Russian flirting with low fares – again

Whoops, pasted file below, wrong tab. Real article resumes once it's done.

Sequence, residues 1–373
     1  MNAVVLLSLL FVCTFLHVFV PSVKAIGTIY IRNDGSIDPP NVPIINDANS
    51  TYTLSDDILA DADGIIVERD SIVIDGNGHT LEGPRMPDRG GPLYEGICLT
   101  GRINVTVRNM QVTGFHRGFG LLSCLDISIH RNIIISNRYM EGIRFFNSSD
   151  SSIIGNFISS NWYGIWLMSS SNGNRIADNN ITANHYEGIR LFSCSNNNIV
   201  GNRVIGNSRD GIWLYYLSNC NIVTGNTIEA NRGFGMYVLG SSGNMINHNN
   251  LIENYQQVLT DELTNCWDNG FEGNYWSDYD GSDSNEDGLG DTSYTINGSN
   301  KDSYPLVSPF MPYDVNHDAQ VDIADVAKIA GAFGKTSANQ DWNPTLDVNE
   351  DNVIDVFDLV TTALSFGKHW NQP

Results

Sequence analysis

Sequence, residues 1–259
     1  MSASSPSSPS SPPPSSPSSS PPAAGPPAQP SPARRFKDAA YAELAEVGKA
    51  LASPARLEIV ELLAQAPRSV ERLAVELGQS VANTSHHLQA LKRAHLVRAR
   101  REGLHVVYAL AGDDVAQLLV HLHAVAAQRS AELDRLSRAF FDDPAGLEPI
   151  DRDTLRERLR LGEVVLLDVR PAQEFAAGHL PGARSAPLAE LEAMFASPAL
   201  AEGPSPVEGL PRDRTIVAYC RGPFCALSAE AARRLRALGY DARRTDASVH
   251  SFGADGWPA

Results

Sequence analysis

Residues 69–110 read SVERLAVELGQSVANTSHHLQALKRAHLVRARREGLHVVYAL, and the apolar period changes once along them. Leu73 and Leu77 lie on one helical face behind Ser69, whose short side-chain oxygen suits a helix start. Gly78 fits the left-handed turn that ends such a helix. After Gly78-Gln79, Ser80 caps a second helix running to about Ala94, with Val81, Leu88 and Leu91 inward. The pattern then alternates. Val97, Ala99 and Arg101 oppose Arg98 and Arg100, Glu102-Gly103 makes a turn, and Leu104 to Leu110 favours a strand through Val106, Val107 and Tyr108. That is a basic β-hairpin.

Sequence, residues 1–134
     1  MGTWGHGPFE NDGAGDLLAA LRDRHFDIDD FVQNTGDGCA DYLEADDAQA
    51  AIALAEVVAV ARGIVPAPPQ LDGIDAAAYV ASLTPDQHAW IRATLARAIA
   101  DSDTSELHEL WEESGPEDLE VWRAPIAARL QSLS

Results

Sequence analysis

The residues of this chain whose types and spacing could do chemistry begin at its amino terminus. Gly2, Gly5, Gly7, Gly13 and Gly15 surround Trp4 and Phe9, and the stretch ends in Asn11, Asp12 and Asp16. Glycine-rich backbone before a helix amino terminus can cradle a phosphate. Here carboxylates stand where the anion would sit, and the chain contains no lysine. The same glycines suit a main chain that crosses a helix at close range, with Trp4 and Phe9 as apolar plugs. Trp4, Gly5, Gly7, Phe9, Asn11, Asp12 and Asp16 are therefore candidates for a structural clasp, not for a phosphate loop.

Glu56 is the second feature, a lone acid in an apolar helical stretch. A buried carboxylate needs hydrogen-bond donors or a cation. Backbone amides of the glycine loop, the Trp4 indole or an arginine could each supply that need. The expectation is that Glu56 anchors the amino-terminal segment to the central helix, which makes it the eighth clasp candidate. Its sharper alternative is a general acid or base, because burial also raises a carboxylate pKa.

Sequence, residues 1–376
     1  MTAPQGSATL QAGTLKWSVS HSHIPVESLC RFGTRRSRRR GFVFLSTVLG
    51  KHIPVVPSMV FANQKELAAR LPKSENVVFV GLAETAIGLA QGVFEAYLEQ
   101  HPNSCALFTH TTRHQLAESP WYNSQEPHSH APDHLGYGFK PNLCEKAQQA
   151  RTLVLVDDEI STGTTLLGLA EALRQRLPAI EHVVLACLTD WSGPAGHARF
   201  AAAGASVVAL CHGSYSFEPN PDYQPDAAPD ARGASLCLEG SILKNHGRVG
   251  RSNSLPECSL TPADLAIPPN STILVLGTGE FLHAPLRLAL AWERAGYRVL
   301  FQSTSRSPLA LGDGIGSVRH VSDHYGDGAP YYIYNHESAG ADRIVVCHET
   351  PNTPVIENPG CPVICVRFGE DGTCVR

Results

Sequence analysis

Russia is giving the low-fares air transportation model a second chance. The new budget carrier Dobrolet, a subsidiary of the country’s largest airline Aeroflot, made its first revenue flight on June 10 from Moscow’s Sheremetyevo airport to Simferopol in Crimea. The company’s 189-seat all-economy Boeing 737-800 was 96% full on this flight, carrying 148 adult passengers and 34 children. Dobrolet currently operates two of the type, both leased, plus a single Sukhoi Superjet 100 regional jet taken from Aeroflot to meet the three-ship minimum fleet requirement for obtaining its Air Operator Certificate. The document was issued by the Federal Air Transport Agency on May 19. Dobrolet expects to expand its Boeing 737-800 fleet to eight aircraft by the end of this year, and should eventually bring it up to 40 by 2018. Simferopol is the only destination so far. But the airline aims to launch flights from Moscow to Perm and Volgograd in August. By the end of the year its route network is expected to have expanded to cover several other domestic destinations. Dobrolet plans to launch international flights to CIS countries and Europe beyond 2016. By 2018, it expects to be serving 45 routes and carrying over 10 million passengers annually. Dobrolet is the second attempt to launch a low-fares business model in Russia. The previous experience came at the end of the 2000s with the privately-owned start-ups SkyExpress and Avianova. Both ceased operations in 2011 due to financial difficulties. The launch of Dobrolet, on the other hand, was well planned beforehand on the regulatory end. “A low-fares carrier will not take off in Russia unless we harmonize our legislation with the global standards such as non-refundable tickets, separate onboard meal and baggage fares, and foreign pilots,” Aeroflot CEO Vitaly Saveliev stressed in October 2013 when announcing the company’s plans for a budget subsidiary. And the authorities were quick to respond. Laws allowing airlines to sell non-refundable tickets and hire foreign aircrew were adopted this spring and come into effect in summer. The State Duma (Russia’s parliament) is already discussing the possibility of introducing baggage surcharges. Nevertheless, some of the existing Russian realities still make the low-fares model a rather risky business. First of all, there is the lack of airports which could offer lower ground servicing prices. Although initially Aeroflot wanted Dobrolet to operate from Moscow’s Domodedovo or Vnukovo airports, the budget subsidiary ended up having to compete with its parent airline at Sheremetyevo. There are plans to move Dobrolet to Moscow’s Ramenskoe airport, which is owned by the Rostec state corporation, but the facility will not be built until 2015. The airline’s potential Russian regional destinations mostly cannot offer inexpensive airport options either. Another factor is that the launch of Dobrolet is likely to trigger a new wave of price wars among Russia’s top carriers. Although Aeroflot’s major rivals Transaero and UTair are not planning to launch their own low-fares subsidiaries, these two airlines are integrating individual budget elements into their full-service models. Since January this year, Transaero has been operating Discount-class flights from Domodedovo with Boeing 737 Classics and Tupolev Tu-214 narrowbodies. The service is currently offered on 18 domestic routes, some of which coincide with Dobrolet’s planned network, and also on international flights to Kazakhstan, Ukraine, Germany, Israel, Italy, and Lithuania. Two Discount flights to Vienna and Milan are operated from St. Petersbrug’s Pulkovo. UTair launched special low-fares fights from Moscow’s Vnukovo to Chelyabinsk and Omsk this winter. The fares are valid if purchased online from the airline’s website not later than three days prior to departure. The airline flies new 220-seat, all-economy Airbus A321s for these services.